Calibrate Your Monitor in Windows
Windows 10 makes the calibration process easy, and you can rest assured that when you use calibration for your Windows display, it will be accurate to established standards without having to rely on your own eyesight. Here’s what you need to know when you’re looking to calibrate a monitor on Windows 10.
- Open the Settings Menu. You can accomplish this by navigating through your menu or by using the Windows Key + I at the same time to jump to your control panel via shortcut.
- Click on the Display tab that runs alongside the left panel of the Windows Settings
- Scroll down in the Display menu until you find a link labeled Advanced Display Settings. Click on it.
- Double check the resolution. While you can change it later, using the recommended screen resolution for your particular display will make sure that your color calibration is as accurate as possible.
- Click next. This will automatically begin the process of calibrating the monitor. This will lead you to the Calibration Wizard which will easily walk you through every step you need to worry about.
- Windows will now guide you through the steps to get access to your display color. Windows will suggest reverting to the default colors to adjust the monitor more easily. We recommend you do this, but save any configured color adjustments in case you want to revert back to them later.
- Windows will then guide you through the process of adjusting gamma settings. Having the appropriate gamma settings will ensure that the hues you see on the screen match the values of the source image. You’ll want to adjust the screen until the dots displayed are only barely divisible, then click Next.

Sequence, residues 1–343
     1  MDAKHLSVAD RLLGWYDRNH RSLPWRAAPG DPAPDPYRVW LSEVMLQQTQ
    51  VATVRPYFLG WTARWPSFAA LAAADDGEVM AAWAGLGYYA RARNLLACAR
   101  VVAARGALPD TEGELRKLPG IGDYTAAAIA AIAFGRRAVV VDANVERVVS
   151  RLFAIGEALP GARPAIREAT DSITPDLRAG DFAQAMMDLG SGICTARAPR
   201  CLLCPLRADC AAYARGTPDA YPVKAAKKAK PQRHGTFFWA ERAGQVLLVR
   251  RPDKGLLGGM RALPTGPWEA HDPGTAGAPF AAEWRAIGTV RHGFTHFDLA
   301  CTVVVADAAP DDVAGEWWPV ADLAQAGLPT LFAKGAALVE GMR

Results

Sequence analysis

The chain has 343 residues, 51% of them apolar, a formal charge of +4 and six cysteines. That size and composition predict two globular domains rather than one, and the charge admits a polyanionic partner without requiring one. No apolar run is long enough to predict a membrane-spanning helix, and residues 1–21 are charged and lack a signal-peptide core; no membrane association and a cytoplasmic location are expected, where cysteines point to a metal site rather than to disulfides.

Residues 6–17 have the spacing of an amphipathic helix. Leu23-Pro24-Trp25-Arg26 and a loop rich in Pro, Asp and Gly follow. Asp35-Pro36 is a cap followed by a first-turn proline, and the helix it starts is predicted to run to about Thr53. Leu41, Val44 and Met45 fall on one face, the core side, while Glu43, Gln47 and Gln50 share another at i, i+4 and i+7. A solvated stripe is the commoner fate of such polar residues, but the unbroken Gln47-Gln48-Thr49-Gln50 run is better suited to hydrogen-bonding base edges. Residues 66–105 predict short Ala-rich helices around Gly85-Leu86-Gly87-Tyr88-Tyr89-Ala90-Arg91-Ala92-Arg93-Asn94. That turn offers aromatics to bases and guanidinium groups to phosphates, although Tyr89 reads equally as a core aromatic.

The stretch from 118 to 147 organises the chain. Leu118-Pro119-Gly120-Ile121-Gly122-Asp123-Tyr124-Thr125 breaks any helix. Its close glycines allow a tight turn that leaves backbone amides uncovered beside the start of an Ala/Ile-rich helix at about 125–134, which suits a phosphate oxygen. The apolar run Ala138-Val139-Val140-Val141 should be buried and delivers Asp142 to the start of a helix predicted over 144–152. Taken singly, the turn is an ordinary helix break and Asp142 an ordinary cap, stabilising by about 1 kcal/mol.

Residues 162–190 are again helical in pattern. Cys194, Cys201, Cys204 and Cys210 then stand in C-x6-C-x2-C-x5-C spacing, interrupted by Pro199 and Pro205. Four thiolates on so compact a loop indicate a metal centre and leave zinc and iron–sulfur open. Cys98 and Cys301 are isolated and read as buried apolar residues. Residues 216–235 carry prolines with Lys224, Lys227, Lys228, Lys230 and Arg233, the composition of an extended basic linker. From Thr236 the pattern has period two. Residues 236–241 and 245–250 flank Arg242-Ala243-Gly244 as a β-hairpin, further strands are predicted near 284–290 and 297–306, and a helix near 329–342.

- Now you’ll move onto brightness settings. Brightness makes sure that your picture doesn’t display as too dim or too overexposed. To start the brightness calibration, you’ll need to adjust a picture that so that it displays black and white as starkly as possible. Click Next.
- Brightness and contrast are pretty similar, but the next portion will ask you to adjust the latter. You’ll be presented with the same picture as you were in brightness settings and try to adjust the parameters so that you can’t see the wrinkles in the exposed shirt. Click Next one more time.
- The final test will be color balance. You’ll be asked to adjust the settings of your monitor so that all of the gradients on the screen show up distinctly.
- You’ll finally be asked whether you want to keep your old system preferences or revert to the new settings. Once you’re satisfied with the correction, you can click finish to accept the new configuration.
Calibrate Your Monitor in MacOS
Macs are especially well regarded for their value to creatives, and while there’s a different calibration procedure than with Windows, the two processes are really pretty similar. We’ll show you how to get to the Mac control panel and adjust your calibration even if you don’t have any technical knowledge.
- You’ll first want to navigate to the System Preferences. You’ll then want to click on the Displays link to identify your specific monitor.
- From the Displays menu, you’ll find a button labeled .. You’ll need to click this to start calibrating your monitor. Apple should guide you through the steps, but we’ll cover the important details just to be safe.
- Adjust the brightness of your monitor to its highest level. You’ll also want to put your contrast at max. This will provide you with a starting point for adjusting with your LCD monitor.
- You’ll then select a target white point. Mac will make a suggestion of the white point, and for all but the most experienced users, we suggest you make that your preferred point.
- You can then determine whether you want to make these calibration standards the default for all profiles. If you have multiple people using the same computer, you may want to turn this off. But setting it as the default will mean you’ll get the same precise results regardless of whatever profile you use.
- After this, you may be able to change the gamma levels and luminance, but this will vary depending on the year and model number of your Mac.